The third espisode of Joss Whedon's Dollhouse airs tonight on Fox at 10:00.
The numbers for the second episode continue a downward trend, and this is very worrying.
I think it's clear by this time that Whedon is not going back to Buffy. Of course, we would like him to. But it's just time to move on. He has. We must. As media consumers, we are that most contrary of creature: we want Whedon to do something completely fresh and completely familiar. What is wrong with us?
In a post-Buffy spirit, then, here are a couple of things I like about Dollhouse.
1. Dollhouse is a great metaphor for Hollywood. This industry assigns identities for brief durations, wipes them clean, and insist that the actor start again. Very Dollhouse. So we may amuse ourselves this evening by watching for parallels and Whedonesque commentary. (The story within the story: Whedon is a third generation TV writer, so he knows a thing or two about the industry. Furthermore, he's had a rocky relationship with this industry. So he might have a thing or two to say.) I leave it to you to map out who in Dollhouse is what in Hollywood.
2. Dollhouse is a great metaphor for the actor. In Friday's episode, Echo (Eliza Dushku) is showing distressing signs of independence. The crucial moment, when she refuses the secret code word that is supposed to reassure her. Hollywood actors must often feel like their autonomy is in peril. They have so many masters: studios, agents, producers, directors, writers, and fans that the temptation to embrace independence must be very strong. (The alternative might be outbursts of the kind delivered recently by Christian Bale. There must come a moment when you' ve just had enough of being obliged to deliver note-perfect emotions on command…and while someone moves a light stand behind you.)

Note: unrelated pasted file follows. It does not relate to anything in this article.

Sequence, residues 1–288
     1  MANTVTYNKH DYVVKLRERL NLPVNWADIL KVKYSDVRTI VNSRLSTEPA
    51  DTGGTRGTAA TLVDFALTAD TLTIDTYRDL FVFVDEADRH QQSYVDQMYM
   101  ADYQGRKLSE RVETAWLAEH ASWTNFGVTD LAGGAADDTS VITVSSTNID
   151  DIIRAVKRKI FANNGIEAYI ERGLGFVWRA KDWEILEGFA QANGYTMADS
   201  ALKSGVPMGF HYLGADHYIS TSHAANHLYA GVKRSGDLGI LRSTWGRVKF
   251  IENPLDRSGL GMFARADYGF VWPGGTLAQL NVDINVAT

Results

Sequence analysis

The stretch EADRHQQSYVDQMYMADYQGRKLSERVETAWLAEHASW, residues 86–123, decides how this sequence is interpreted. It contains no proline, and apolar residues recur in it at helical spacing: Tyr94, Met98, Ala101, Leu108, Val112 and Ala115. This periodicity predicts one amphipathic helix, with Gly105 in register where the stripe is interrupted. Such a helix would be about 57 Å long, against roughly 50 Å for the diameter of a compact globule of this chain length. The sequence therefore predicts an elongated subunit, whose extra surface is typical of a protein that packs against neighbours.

3. Dollhouse is a great metaphor for the contemporary individual. In episode 2, Echo is picking up stray signals ("shoulder to the wheel!") and now that many of us live an "expansionary individualism," now that many of us act as "complex adaptive systems," so perhaps do the rest of us. Indeed, this must be how trends get started. The early adopters can "just hear something" in the wind. They adopt it and if others follow suit, Gladwell's tipping point is not far off. Cultural change almost always starts as stray signals and Echo is perhaps a chance to contemplate how stray signals start.
post script: Zsa Zsa and Vivian join the McCracken Decesare household this evening. They are Siamese kittens, sisters, 14 weeks old, and by all accounts complete chatter boxes. Molly, as some of you know, is the cat incumbent. She is 4 years old and it remains to be seen how she will regard the newcomers.
For more on expansionary individualism, see my Transformations: identity construction in a contemporary culture. For more on "complex adaptive systems," see my Flock and Flow. Forgive the self citing. It saves time.
McCracken, Grant. 2008. Transformations: Identity Construction in Contemporary Culture. Indiana University Press.
McCracken, Grant. 2006. Flock and Flow: Predicting and Managing Change in a Dynamic Marketplace. Indiana University Press.